As I was pondering my post for today, the Colbert Show was on, and I was doing some paperwork review. One of the guests on the show was Andrew Keen, author of The Cult of the Amateur: How today's Internet is killing our culture, and I paused and watched. In fact, I was so intrigued, I hit the "record" on my Tivo, and watched the interview several times. Here are some quotes from their exchange:
Andrew Keen: "The internet is destroying our culture.."I encourage you to get the book. While I don't believe the book will change the swelling tide, what it will do is give you insights into the new frontier, and how you can adapt to it.
Stephen Colbert: "....I can go on any old web site and find pictures of any old art I want…"
AK: "That’s stealing culture...The problem with the internet is it is making it increasingly difficult for artists to earn a living because everyone is stealing."
SC: "You’re just an elitist...Here’s my problem. You say the internet is just for amateurs, and that the amateurs don’t actually create great culture."
AK: How do you pay your rent?
SC: I get paid by the advertisters who give the money to the network who give the money to me.
AK: I think you’re supporting my argument....The fact is, you are a professional artist making money through the sale of advertising, on television...On the internet though, people are stealing your content. They’re putting it on YouTube. They’re undermining you as a creatve artist."
SC: "Right, and my parent company Viacom is sueing YouTube for a billion bucks, and I am sure I am getting acut of it."
AK: "Are you in support of that lawsuit?"
SC: "Oh absolutely, Go get ‘em guys."
Evolve or die. Differentiate yourself or perish. Being a professional photographer is not for the weak of heart or diminished drive. A friend in Baltimore sent me a few interesting Flickr links, which I delved deeper into:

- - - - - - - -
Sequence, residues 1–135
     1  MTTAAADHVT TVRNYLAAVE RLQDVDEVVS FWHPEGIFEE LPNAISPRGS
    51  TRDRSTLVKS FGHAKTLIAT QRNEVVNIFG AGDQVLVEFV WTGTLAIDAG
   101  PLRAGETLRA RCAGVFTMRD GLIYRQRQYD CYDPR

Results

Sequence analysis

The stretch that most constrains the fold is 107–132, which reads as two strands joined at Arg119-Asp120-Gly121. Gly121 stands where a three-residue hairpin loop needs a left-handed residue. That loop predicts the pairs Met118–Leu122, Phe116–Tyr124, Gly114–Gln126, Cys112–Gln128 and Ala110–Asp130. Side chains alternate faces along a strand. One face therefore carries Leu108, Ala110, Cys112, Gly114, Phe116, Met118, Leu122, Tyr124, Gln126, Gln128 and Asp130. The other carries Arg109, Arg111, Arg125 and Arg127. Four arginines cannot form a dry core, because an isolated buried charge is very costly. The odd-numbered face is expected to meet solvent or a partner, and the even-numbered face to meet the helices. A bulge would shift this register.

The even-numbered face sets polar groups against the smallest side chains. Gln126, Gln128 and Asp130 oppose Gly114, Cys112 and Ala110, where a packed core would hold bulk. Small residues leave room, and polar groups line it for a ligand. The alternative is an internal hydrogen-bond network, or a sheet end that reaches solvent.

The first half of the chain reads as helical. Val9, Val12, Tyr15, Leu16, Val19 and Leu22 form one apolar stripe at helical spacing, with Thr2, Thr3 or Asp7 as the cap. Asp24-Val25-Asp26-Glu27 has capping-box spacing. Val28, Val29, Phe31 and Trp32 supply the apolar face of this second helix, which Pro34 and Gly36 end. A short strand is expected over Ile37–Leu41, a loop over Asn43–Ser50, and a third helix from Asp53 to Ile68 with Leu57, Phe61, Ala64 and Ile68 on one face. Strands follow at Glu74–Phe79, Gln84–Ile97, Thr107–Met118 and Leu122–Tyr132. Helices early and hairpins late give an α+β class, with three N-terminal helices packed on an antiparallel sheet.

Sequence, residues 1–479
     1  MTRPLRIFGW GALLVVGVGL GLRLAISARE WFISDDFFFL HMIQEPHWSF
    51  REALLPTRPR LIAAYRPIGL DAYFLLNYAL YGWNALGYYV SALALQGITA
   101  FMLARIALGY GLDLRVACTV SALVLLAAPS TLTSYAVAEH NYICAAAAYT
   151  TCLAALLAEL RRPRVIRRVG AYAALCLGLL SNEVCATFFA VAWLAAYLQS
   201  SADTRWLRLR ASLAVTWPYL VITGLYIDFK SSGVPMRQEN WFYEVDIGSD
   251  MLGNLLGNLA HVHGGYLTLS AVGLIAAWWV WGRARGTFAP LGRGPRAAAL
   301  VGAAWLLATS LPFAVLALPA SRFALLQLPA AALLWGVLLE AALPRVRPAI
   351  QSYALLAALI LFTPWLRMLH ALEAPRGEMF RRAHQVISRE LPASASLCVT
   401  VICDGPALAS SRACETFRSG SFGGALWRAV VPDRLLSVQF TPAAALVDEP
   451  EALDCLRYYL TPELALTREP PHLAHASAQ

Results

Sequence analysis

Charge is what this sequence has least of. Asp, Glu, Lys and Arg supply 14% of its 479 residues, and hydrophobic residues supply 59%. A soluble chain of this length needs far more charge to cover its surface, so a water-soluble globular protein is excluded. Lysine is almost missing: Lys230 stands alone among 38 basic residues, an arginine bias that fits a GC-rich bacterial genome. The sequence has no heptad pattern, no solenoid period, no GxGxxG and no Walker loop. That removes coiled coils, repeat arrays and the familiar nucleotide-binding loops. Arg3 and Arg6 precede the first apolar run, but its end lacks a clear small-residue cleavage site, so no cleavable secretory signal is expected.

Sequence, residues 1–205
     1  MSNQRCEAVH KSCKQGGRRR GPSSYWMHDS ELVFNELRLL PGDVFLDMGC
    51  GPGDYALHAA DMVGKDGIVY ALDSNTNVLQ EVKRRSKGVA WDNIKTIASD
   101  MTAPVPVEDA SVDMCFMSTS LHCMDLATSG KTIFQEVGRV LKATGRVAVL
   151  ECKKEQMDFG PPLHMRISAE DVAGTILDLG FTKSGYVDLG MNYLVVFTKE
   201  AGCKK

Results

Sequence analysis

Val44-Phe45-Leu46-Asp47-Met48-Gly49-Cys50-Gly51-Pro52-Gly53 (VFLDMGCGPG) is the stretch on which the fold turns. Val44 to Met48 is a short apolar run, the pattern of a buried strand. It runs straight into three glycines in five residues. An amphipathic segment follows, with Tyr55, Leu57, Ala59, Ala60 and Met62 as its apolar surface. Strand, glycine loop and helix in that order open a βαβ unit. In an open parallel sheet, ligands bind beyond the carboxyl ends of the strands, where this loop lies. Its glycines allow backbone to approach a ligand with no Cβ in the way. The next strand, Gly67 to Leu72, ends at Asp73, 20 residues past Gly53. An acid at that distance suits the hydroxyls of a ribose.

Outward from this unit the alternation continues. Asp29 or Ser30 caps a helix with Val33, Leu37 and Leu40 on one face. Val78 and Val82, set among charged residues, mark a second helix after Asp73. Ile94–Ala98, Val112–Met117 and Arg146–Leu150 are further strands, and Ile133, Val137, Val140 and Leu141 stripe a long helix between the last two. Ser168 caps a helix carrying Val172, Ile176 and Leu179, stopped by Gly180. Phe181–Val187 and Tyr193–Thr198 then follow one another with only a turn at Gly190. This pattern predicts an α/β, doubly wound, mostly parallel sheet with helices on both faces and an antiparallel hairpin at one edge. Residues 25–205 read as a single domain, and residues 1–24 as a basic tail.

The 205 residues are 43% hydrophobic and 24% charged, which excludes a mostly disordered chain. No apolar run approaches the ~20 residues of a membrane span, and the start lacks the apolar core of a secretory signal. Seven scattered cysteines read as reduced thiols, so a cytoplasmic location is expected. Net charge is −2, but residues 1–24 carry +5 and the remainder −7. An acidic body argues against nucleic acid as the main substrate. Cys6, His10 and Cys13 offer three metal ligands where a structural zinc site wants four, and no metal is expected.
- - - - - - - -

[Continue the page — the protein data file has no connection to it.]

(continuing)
A listing of all Nikon D2x users on Flickr shows an upward trend this past year of this $4500 camera:
With almost 8,000 images uploaded just yesterday. Their full Nikon chart can be seen here.
For Canon, all 1Ds Mark II cameras also shows an upwards trent this past year of this $7,000 camera:
With over 5,000 images uploaded just yesterday. Their full Canon chart can be seen at here.
These insights are not meant to scare you, but rather, to be enlightening. Reporting this isn't going to somehow reduce the number of amateurs giving their work away for free using $10,000+ in camera equipment. Reading the book will help you understand the inside machinations of what's happening, and why. When you know how and why it's happening, you can then better understand how to develop your own roadmap of your career in photography. As a byproduct of this, It can also help you to better understand the mind of those amateurs, and how you could engage those most effectively when the opportunity arises, and, perhaps, in your community, school them how they are contributing to the decline of the creative products of professionals.
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